The Disentanglers eBook

This eBook from the Gutenberg Project consists of approximately 307 pages of information about The Disentanglers.

‘I still don’t see how.’

’Why the submarine must have been flying a kite, with a pendent wire, to catch messages from Blake and the wireless machine at Castle Skrae.  How else could a kite—­“a dragon,” the sailor said—­have been flying above the empty sea?’

‘Logan is rather sharp,’ said Bude.

‘But, Mr. Macrae,’ asked Merton, ‘how about the false Gianesi?’

’Oh, when Gianesi came of course we settled his business.  We had him tight, as a conspirator.  He had been met, when expelled for misdeeds from Gianesi’s and Giambresi’s, by a beautiful young man, to whom he sold himself.  He believed the beautiful young man to be the devil, but, of course, it was our friend Blake. He, in turn, must have been purchased by Van Huytens while he was lecturing in America as a poet-Fenian.  In fact, he really had a singular genius for electric engineering; he had done very well at some German university.  But he was a fellow of no principle!  We are well quit of a rogue.  I turned his unlucky victim, the false Gianesi, loose, with money enough for life to keep him honest if he chooses.  His pension stops if ever a word of the method of rescue comes out.  The same with my crew.  They shall all be rich men, for their station, till the tale is whispered and reaches my ears.  In that case—­all pensions stop.  I think we can trust the crew of the friendly submarine to keep their own counsel.’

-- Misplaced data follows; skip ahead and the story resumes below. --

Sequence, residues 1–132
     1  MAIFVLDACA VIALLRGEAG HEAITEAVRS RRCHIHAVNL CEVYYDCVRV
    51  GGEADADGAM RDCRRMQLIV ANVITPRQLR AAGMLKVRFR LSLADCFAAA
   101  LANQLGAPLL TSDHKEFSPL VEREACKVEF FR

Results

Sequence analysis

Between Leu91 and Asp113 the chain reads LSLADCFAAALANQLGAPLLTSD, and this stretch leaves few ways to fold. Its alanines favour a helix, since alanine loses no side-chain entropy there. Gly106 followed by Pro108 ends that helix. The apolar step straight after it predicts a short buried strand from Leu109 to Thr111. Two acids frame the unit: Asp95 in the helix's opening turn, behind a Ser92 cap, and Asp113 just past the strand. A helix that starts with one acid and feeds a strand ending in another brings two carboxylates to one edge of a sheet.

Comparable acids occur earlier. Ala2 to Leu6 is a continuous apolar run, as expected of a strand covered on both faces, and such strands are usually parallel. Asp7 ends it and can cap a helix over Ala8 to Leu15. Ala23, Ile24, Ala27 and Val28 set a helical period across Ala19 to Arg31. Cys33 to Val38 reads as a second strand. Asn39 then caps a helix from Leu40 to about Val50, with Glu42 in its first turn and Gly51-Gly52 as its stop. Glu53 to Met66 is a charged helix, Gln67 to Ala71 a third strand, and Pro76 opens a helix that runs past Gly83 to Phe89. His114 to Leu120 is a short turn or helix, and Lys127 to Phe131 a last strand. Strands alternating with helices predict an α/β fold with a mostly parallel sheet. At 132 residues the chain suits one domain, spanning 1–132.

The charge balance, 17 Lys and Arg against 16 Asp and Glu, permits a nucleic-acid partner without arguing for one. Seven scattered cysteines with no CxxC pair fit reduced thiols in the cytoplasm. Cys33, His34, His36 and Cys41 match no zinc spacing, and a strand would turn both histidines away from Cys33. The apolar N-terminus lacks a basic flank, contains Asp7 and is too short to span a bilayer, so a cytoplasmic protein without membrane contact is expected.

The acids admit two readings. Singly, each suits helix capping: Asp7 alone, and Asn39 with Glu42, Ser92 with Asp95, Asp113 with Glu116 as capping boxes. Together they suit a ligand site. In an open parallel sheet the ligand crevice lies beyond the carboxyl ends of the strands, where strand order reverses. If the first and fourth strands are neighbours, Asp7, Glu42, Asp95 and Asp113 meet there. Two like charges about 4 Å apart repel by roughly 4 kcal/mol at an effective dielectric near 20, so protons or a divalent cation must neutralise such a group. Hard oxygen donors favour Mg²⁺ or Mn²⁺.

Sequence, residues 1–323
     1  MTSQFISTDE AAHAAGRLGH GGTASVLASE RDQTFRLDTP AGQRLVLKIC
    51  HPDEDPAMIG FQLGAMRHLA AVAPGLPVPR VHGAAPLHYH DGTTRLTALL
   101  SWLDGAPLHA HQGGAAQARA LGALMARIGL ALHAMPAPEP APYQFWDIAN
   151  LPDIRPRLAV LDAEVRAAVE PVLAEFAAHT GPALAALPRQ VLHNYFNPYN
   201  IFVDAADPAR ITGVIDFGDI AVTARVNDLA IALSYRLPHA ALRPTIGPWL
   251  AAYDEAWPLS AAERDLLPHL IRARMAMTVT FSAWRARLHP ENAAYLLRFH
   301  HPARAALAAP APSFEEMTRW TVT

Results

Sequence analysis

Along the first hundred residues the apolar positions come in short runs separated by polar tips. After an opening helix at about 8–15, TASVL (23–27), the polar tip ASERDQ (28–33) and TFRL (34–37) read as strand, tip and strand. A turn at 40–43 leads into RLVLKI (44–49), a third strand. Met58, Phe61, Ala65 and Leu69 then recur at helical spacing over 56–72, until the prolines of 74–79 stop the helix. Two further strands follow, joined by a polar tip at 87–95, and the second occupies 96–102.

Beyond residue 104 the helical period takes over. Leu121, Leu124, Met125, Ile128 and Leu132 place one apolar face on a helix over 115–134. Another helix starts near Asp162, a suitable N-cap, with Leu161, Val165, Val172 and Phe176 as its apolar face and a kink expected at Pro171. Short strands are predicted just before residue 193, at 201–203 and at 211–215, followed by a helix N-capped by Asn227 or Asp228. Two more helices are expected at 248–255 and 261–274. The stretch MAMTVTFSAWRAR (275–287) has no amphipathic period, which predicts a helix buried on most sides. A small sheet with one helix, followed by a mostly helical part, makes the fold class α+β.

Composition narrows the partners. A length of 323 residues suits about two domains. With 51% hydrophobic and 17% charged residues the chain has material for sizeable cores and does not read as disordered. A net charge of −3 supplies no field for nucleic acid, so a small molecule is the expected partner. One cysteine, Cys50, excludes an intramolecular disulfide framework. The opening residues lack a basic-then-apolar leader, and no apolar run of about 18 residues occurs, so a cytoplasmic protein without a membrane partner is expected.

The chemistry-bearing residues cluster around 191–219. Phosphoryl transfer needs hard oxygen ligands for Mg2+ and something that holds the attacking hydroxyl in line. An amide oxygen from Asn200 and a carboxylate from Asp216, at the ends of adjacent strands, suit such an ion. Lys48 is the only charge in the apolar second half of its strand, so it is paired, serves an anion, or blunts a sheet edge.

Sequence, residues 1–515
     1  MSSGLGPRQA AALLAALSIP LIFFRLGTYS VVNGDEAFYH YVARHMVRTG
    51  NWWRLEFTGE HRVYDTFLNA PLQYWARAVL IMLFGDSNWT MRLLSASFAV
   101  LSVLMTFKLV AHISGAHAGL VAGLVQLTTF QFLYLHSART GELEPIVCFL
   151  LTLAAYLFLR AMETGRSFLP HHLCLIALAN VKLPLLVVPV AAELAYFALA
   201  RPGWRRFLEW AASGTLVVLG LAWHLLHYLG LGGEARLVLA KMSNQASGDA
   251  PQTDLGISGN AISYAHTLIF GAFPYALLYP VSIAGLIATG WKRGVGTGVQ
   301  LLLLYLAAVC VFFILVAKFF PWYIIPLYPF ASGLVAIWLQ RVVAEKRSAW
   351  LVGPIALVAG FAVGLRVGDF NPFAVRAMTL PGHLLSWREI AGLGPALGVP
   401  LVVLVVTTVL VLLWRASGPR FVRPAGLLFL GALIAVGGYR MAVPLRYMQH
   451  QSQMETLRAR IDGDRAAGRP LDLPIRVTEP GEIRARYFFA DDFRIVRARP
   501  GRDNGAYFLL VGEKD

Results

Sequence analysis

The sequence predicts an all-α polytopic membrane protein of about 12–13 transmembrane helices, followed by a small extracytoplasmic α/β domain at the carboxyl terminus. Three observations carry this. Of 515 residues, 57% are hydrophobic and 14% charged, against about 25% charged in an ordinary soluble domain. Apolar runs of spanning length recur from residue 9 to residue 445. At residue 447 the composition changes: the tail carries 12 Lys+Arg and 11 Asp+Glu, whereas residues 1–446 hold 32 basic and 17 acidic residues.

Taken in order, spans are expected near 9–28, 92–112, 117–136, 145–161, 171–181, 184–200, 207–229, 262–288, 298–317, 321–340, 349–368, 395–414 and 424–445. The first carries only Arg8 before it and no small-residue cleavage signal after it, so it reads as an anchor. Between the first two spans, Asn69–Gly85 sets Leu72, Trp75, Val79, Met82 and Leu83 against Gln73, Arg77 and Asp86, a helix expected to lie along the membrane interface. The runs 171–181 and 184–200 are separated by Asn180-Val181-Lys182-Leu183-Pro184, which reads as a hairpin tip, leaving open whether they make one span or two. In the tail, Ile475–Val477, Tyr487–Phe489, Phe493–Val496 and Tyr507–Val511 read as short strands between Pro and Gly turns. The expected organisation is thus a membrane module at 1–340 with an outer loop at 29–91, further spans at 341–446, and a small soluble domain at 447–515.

‘Certainly!’ said Merton.  ‘Wealth has its uses after all,’ he thought in his heart.

* * * * * *

Merton and Logan gave a farewell dinner in autumn to the Disentanglers—­to such of them as were still unmarried.  In her napkin each lady of the Society found a cheque on Coutts for 25,000_l_. signed with the magic name Ronald Macrae.

The millionaire had insisted on being allowed to perform this act of munificence, the salvage for the recovered millions, he said.

Miss Martin, after dinner, carried Mr. Macrae’s health in a toast.  In a humorous speech she announced her own approaching nuptials, and intimated that she had the permission of the other ladies present to make the same general confession for all of them.

‘Like every novel of my own,’ said Miss Martin, smiling, ’this enterprise of the Disentanglers has a HAPPY ENDING.’

Footnotes: 

{232} Part III.  No.  I, 1896.  Baptist Mission Press.  Calcutta, 1897.

{242} See also Monsieur Henri Junod, in Les Ba-Ronga.  Attinger, Neuchatel, 1898.  Unlike Mr. Skertchley, M. Junod has not himself seen the creature.

{406} Periscope not necessary with conning tower out of water.  Man could see out of port.

Copyrights
Project Gutenberg
The Disentanglers from Project Gutenberg. Public domain.
Follow Us on Facebook